The powerful influence the media has on society has been documented in various studies. After three years of watching American TV programs. and everyone at school tells you how great you look. Even membership in a social club. and on TV are overwhelmingly thin. through healthy or unhealthy means. the well-intentioned compliments may create a need for more compliments. In 1995. When you lose a little weight. for example. Is it any wonder.) Many sociologists blame super-thin supermodels and skinny actresses for hang-ups about weight. The average American woman is 5′4′′ tall and weighs 140 pounds. a focus on appearance can increase the risk of an eating disorder. They point out that most fashion models are thinner than 98 percent of American women. Media expecTaTions The female images you see in the movies. before and after the arrival of television. The male images are overwhelmingly strong and virile. or “the popular crowd” (or the desire to belong) may encourage unhealthy eating habits. These statistics come from a 1996 study by Professor Linda Smolak of Kenyon College. For many young girls and women. The average model is 5′11′′ and weighs 117 pounds. a small island in the Pacific. plump. sorority. the desire to look good for a boyfriend or girlfriend can turn into a dangerous obsession. a professor at Harvard Medical School. and soft.58 The Truth About Eating Disorders more likely to reach higher levels on the corporate ladder than people who are short and overweight. cheerleading squad. before television came to the island. then. That praise can be gained only through more and more dieting. About two-thirds . Fijians thought that the ideal body was round. TV is especially influential. in magazines. published a study describing Fiji. but the majority is the other way around. dance group. She and others use the body mass index (BMI) to make comparisons. including shows like Melrose Place and Beverly Hills 90210. The Harvard study also found that Fijian females who watched TV three or more nights per week were 50 percent more likely to feel “too big” or “too fat” than people who watched less TV. teenage girls in Fiji showed serious signs of eating disorders. For example. that so many women weaken themselves through diet while men try to strengthen themselves through exercise? (Not that there aren’t plenty of women who exercise for strength and men who diet to become thin. Anne Becker. In 1999.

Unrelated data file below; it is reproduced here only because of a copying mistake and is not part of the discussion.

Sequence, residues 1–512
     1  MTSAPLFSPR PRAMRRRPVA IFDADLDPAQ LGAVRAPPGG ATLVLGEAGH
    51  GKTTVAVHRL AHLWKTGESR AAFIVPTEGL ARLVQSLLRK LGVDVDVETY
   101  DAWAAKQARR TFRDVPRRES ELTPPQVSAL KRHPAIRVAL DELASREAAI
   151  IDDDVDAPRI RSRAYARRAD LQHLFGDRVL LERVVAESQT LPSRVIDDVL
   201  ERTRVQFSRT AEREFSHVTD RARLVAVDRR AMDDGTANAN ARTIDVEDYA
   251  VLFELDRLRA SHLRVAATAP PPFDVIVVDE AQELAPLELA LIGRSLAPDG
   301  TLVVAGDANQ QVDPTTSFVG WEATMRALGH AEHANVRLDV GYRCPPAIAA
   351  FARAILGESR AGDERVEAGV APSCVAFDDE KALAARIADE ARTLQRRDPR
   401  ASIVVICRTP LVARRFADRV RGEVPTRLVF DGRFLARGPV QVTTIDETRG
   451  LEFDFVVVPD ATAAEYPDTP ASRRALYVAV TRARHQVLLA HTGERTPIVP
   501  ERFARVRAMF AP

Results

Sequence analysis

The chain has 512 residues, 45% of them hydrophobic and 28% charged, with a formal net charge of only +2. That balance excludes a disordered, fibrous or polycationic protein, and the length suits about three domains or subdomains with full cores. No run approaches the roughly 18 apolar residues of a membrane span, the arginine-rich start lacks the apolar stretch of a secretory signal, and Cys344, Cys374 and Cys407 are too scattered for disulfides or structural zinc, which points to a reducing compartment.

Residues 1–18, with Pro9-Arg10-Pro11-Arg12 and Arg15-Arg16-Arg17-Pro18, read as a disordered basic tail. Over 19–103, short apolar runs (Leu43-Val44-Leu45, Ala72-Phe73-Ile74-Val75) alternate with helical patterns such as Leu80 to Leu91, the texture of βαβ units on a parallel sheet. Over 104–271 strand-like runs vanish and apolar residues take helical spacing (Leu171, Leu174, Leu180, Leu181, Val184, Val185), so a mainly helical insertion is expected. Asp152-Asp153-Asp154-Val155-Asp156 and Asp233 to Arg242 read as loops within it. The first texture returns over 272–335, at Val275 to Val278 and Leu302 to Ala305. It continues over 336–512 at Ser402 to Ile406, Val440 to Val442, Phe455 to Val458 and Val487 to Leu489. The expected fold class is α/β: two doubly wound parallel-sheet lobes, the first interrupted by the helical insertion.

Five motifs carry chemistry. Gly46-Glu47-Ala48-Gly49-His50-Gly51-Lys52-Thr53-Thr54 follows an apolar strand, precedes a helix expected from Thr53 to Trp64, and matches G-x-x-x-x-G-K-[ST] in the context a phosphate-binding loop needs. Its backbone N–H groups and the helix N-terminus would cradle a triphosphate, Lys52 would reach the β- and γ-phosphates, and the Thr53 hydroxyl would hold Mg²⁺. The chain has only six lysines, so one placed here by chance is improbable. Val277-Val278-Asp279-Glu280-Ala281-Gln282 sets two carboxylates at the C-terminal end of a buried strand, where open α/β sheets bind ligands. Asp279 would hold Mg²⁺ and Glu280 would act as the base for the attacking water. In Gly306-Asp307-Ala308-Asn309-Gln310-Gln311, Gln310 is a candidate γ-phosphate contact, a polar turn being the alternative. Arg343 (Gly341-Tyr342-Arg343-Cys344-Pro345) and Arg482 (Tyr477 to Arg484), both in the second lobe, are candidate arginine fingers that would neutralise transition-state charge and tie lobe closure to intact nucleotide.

physicaL condiTions Puberty is a time when teens become more conscious of their bodies. Department of Health and Human Services. they may encounter several new feelings—fear at the prospect of leaving childhood. Department of Health and Human Services. Source: Dietary Guidelines for Americans. . 140 lbs) 5'3" 5'2" 5'1" 5'0" 4'11" 4'10" 50 75 100 18. the discomfort of looking different from everyone else. As their bodies change shape. Causes of 59 of the TV-watching teens reported dieting in the previous month. 140lbs) 5'4" (5'4". U. Girls who experience earlier sexual development than their peers may be more at risk of developing an eating disorder. U. and a lack of control as their bodies undergo did you know? Comparing the Average Model to the Average American Woman BMI (Body Mass Index) 6'6" 6'5" 6'4" 6'3" Average 6'2" fashion model 6'1" (5'11".Eating Disorders.S. 117 lbs) 6'0" 5'11" 5'10" 5'9" 5'8" 5'7" Average 5'6" American woman 5'5" (5'4".5 25 30 Height* 125 Pounds‡ 150 175 200 225 250 275 * Without shoes ‡ Without clothes Source: Dietary Guidelines for Americans. 2000.S. 2000. and 15 percent said they had vomited to control their weight.

bingeing. Fact Or Fiction? Anyone with an eating disorder has an addiction. The behavior becomes an addiction. Unfortunately. and other events that place an emphasis on a small. Those who recover from an eating disorder will probably become addicted to something else. For these girls. These people also may have a tendency toward other addictions. they actually do their bodies harm. Thin is good. Controlling one’s weight is one more challenge to meet. not openly showing emotions. dieting. The American Academy of Family Physicians reports that up to one-third of girls with type 1 diabetes are prone to eating disorders and are at high risk of developing serious health problems.60 The Truth About Eating Disorders changes. some may become obsessive. but for some people an addictive personality can contribute to an eating disorder. or extreme sensitivity—may also cause eating disorders. gymnastics. like alcohol or drugs. Although they may appear to others to be high achievers. having an obsessive–compulsive nature. Fat is bad. Male and female athletes who participate in ballet. . thin body are also at risk. The Facts: Not all people with eating disorders have addictive personalities. a healthy recovery from one addictive behavior can provide a person with the means to avoid other addictions. Another physical condition that may contribute to an eating disorder is diabetes. These athletes may go to extreme measures to lose weight in an attempt to be at what they consider peak physical form. However. Perfectionists set extremely high standards for themselves and others. and purging can be an attempt to turn back the clock or exert control over their bodies. In an effort to be health conscious. People who are diabetic have to be very careful about what they eat. They are likely to see the world in black and white terms. individuaL and personaL TraiTs Certain personality traits—such as being a perfectionist. they may regard their accomplishments as inadequate. whether they recover or not.